After ‘Hamilton,’ Rasputin Gets a Rock Musical: Review of ‘Beardo’ in Brooklyn

Welcome to Beardo, an indie rock-scored surreal and absurdist retelling of the story of Rasputin and his ascendancy within the Romanov court.

Suzi Sadler

Consider it Hamilton for the skinny jean and Tsarist set.

But if the hip-hop musical is an earnest Broadway biopic depicting the early days of the Republic for $500 a seat, Beardo, now at a Lutheran church at the furthest edges of Brooklyn (as off-off-off-off Broadway as you can get without falling into New Jersey), is a surreal and absurdist retelling of story of Rasputin and his slow insinuation into the Romanov court, all told in the key of twee indie rock, a sort of Sufjan Stevens meets The Magnetic Fields.

Did I mention that it is over two and a half hours long?

If this sounds like a hard pass for even the most committed musical theater goers, reconsider: Beardo is near brilliant, played with pitch-perfect timing by the cast, particularly Damon Daunno, in a star-making turn (think of a goofily sweet Oscar Isaac) as the eponymous Beardo, a feat more impressive considering that Daunno was a late add to the cast after the previous lead, Kenyon Phillips, the of-the-moment It kid of the musical theater scene, dropped out.

It’s hard not to be skeptical. St. John’s Lutheran Church, in the Greenpoint neighborhood of Brooklyn, is a solemn place, with paint peeling off the walls and scaffolding rising to the ceiling of its transept. Tea lights line the center aisle. A sextet plays in one corner. With every draw of the cello string, audience members settle deeper into the pews.

A lugubrious evening appears to be in store. The first 15 minutes do little to dispel this notion, especially when we meet our hero stuck in a hole (and truthfully, although the show has been revised since it was first performed five years ago in San Francisco, this bit could use some sanding down).

This Rasputin—the name is never said, nor is that of Nicholas II, which keeps away the finger-wagging armchair historians screaming about the vast artistic license taken—isn’t some kind of prophet or mystic or multi-dimensional political chess player worming his way into the royal court.

Rather, he is like every hippie you meet at an outdoor rock concert: prone to long fits of rambling about the nature of truth and existence and love, forever picking up a guitar to pluck a new tune, and trying to bed every bipedal creature in sight. Also, a little crazy.

A seemingly literal screw in his brain occasionally comes loose, leading to further flights of fancy, an affliction that can only be solved by placing a slab of meat up to his ear.

Bits like that account for a large part of Beardo’s charm. Just when you think you are grounded in the narrative, the story takes off in a flight of fancy, landing some place through the looking glass. Such as: When the Tsar, played with delightful camp by comedian Willy Appelman, and the Tsarista have a feast presaging Beardo’s arrival that descends into an argument about whether or not they should be grateful to the land for its bounty and the hands that helped prepare the food, or whether they should just shut up and suck the juice from the marrow. (That her queenly rubric has been amended to rhyme with the person who serves me a Doppio Macchiatto in the morning is unexplained, and oddly hilarious.)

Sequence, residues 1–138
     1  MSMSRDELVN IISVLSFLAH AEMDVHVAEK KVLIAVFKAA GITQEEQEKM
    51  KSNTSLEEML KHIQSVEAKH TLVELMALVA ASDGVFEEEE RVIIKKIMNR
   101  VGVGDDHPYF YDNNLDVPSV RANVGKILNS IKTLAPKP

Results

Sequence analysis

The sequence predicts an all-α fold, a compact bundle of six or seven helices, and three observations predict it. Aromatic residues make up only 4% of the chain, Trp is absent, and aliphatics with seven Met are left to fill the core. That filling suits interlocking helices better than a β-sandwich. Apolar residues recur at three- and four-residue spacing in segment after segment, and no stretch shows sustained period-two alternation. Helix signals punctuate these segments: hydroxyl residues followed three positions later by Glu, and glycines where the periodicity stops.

“You shouldn’t need to consider such stuff as kitchen staff and field farmers,” argues Yusapoof (yes, Yusapoof) the anti-Beardo who aims to prop up the depleted royal order. “When I sit down to a plate of meat, I like to picture the healthy beast running wild with vigor, thrusting into the wind, chest gleaming, veins thrumming through tight suede jacket and when it reaches my plate I taste my dominance over it.”

Or when Beardo comes to meet his inevitable doom and (spoiler alert!) Yusapoof plots his murder with two accomplices dressed as ballerinas, who despite poison, a bucket of water, and a gun are unable to pull off the deed.

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The play, as should be clear by now, drips with double entendres and sexual energy, such that it is hard not to try to catch the next pun, if not in every scene. Which is fine—each of us chronicles the play in our own little mind recorders, Beardo tells us, playing back a different transcript later on.

If this is kept from falling into juvenilia, or just pure silliness, it is largely a credit to the tight direction from Ellie Heyman. Comedic stunts like those pulled here can grow tiresome, but they never do. It is impossible not to laugh.

There is little more to it than that. This is no allegory on the state of our nation, the failure of our politics, or the atomization of modern life (which is probably the musical theater we need).

It is pure pleasure, and doesn’t leave the audience with much to argue over on the way out the door. There aren’t even many real hard historical facts in it, of the kind that can be the Brussels sprouts to an evening of pure gravy.

“I will have an entire wiki wiki wiki wiki wiki wiki wiki Wikipedia page dedicated dedicated to my dick,” Beardo sings at one point, which sounds like something you remember to check up on online when you get home. Which of course I did. And in which I discovered, of course, there isn’t.

Beardo is at St. John’s Lutheran Church, 155 Milton St, Brooklyn, until March 5. Book tickets here.